Is it controversial to name someone other than the person the number was retired for? I don’t think so. Not when that player was asked to wear it.
Ron Ellis (1968-80)
Stats: 760GP - 240G - 226A - 466Pts - 147PM
For his first five seasons with the Maple Leafs, which include years where there were few games in the NHL, Ellis wore #8 and #11. He won the Stanley Cup in #8 in 1967, and the following season changed to #6, a number he would wear for 11 more seasons.
The right winger would play until the end of the 74-75 season, scoring between 46-61 points each year, with his final year before his retirement being a career high 61 points. Ellis retired after that season, saying he didn’t have a desire to play anymore, though rumours were that he was unhappy being passed over for captain in favour of Darryl Sittler.
Ellis returned to the Maple Leafs two years later, in the 77-78 season and scored 50 points after taking two years out of the NHL, and only playing 10 games for Team Canada in 1976. His point totals fell to 28 and 23 points the next two seasons, and midway through the 80-81 season GM Punch Imlach told Ellis to either retire or be sent to the minors, and Ellis chose to retire 27 games into the season. Ron Ellis sits 5th on the games played list for the Maple Leafs (1,034), 4th on the goals list (332), and 6th on points (640).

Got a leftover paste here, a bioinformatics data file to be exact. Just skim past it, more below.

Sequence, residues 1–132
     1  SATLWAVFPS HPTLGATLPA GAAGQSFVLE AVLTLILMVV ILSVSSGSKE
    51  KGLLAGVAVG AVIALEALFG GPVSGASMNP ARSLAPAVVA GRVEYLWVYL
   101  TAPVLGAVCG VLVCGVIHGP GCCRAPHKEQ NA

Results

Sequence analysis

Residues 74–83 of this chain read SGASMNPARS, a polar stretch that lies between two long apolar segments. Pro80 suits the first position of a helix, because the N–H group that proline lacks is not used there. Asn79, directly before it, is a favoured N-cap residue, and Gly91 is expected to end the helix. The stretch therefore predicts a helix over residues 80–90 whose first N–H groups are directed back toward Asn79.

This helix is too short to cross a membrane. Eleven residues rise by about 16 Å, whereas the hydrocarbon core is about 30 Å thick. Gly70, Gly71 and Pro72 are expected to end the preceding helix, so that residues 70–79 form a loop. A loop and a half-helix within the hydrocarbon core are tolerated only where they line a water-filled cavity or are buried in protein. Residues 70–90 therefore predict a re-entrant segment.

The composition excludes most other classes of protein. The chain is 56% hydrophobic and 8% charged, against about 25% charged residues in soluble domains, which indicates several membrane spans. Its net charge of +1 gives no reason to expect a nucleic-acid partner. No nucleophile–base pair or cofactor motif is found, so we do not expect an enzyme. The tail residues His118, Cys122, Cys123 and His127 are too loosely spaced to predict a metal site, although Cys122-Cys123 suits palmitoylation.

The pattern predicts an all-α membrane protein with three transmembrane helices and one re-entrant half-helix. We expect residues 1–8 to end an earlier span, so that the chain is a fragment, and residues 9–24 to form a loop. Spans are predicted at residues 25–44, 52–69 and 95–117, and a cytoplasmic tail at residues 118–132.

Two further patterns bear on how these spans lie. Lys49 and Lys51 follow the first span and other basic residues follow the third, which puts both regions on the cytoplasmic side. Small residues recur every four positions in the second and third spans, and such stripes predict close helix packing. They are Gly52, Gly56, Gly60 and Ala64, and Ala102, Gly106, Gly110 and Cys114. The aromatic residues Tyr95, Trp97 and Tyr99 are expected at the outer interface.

Ellis is currently working for the Hockey Hall of Fame as a Program Director.
Ace Bailey (1926-33)
Stats: 313GP - 111G - 82A - 193Pts - 472PM
Stanley Cup: 1932
Ace Bailey joined the Maple Leafs in 1926, the year they switched to the name Maple Leafs from St. Pat’s. He played right wing for eight seasons, leading the NHL in goals and points in the 1928-29 season. A powerful winger, he would be the Leafs top scorer for many seasons, helping them to win the Stanley Cup in 1932.
In December 1933, Bailey would be hit from behind by Eddie Shore of the Bruins, and hit his head on the ice fracturing his skull. He would survive, but would be forced to retire from playing hockey. The Maple Leafs would hold the first All-Star Game as a benefit for Bailey, which raised $20,909.40 ($380,144.51 in 2017) for him and his family. The Maple Leafs would also be the first team to retire a number, keeping #6 in honour of Bailey, though he would ask Ron Ellis himself to wear #6.
Bailey would coach the men’s team at the University of Toronto from 1935 to 1949, and be the official timekeeper at Maple Leaf Gardens for 46 years (1938-1984).
Who was the best #6 for the Maple Leafs?
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